The bench press may be one of the most popular exercises done at your gym, but most bodybuilders would be better served to concentrate on an upper pec workout. Increased upper pec development can build a more “squared off” chest, improve separation between the pecs and shoulders, and is often thought of as more aesthetic in general. Here is an upper pec workout you can use to upgrade your physique.
A Word on the Incline Press
Before diving into the upper pec workout, a few things need to be said about the incline press. Too many lifters just lie back on the bench, unrack the weight, and start pressing. This is not the right way to do things.
Instead, you need to retract your shoulder blades and arch your chest. This will create a sort of “shelf” with your shoulder girdle, putting more emphasis on the chest instead of the deltoids. It’s also much safer in general and minimizes the risk of injury. Also try to “tuck” your elbows as you lower the weight.
Speaking of the front deltoid, keep your bench at a 30 or 45-degree incline. Going higher than that will transfer too much of the emphasis from the upper pecs to the shoulders. Going lower than that will end up targeting too much of the middle and lower pecs.
A Sample Upper Pec Workout
Below is a sample upper pec workout you could do:
- Incline barbell bench press – 4-5 sets x 5-6 reps*
- Incline dumbbell press – 3-4 sets x 8-10 reps**
- Incline flies – 3-4 sets x 10-12 reps**
*Perform this exercise on a bench set to 30-degree incline
**Perform these exercises on a bench set to 45-degree incline
This workout could be done as a separate, stand-alone chest workout or you could follow it up with triceps work. If taking the latter option, do 3 sets of unweighted parallel bar dips (keep body as vertical as possible) for max reps, then pushdowns for 3-4 sets of 8-10 reps.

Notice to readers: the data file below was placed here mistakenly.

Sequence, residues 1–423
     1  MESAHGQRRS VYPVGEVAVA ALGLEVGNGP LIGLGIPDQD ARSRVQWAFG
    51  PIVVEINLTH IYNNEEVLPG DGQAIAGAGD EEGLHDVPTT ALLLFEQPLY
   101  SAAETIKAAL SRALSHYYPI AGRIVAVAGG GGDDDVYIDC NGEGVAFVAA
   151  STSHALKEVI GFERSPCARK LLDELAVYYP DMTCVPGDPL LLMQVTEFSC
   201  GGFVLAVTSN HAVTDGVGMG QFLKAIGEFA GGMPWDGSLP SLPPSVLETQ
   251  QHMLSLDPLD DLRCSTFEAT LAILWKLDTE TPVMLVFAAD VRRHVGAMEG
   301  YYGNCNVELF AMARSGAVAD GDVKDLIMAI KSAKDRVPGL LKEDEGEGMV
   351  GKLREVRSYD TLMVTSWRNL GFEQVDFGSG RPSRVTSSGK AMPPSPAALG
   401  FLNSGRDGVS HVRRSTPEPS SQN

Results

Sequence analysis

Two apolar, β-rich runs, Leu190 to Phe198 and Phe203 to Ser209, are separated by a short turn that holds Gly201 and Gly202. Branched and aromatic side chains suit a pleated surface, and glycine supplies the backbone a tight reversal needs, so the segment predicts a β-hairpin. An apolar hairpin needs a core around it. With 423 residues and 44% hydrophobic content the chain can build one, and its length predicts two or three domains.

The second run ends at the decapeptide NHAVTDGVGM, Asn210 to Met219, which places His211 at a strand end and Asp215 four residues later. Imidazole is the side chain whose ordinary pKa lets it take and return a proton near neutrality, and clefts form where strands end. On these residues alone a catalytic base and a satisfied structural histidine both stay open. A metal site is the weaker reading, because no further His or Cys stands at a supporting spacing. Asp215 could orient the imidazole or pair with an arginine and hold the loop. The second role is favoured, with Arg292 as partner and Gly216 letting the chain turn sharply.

Upper Pec Workout Notes
You’ll want to start off this upper pec workout with incline press for sets of 5-6 reps, as that’s a solid strength-based hypertrophy approach. Using the barbell variation at a 30-degree incline will allow you to use the most weight, building the best mix of strength and mass. You then follow up with incline dumbbell press with sets of 8-10 reps to not only target the upper pecs more, but improve muscle quality. Use lighter weight, a slower tempo, and pause the contraction at the top of each rep.
You can then finish your workout off with incline flies. Like the incline dumbbell press, you’ll want to do these with your bench set to a 45-degree angle for maximal upper pec involvement. You could either use dumbbells or set your bench between two low pulleys in order to perform a cable-based variation. Either way, keep the tempo slow and controlled, focusing on the mind-muscle connection.
For quickest growth, try to do this workout twice per week or 2x every 3 weeks. This will give you plenty of stimulation, while still allowing for adequate recovery time between workouts. Push the weight hard while getting a serious mind-muscle connection going, and you should see a noticeable difference in just a few weeks.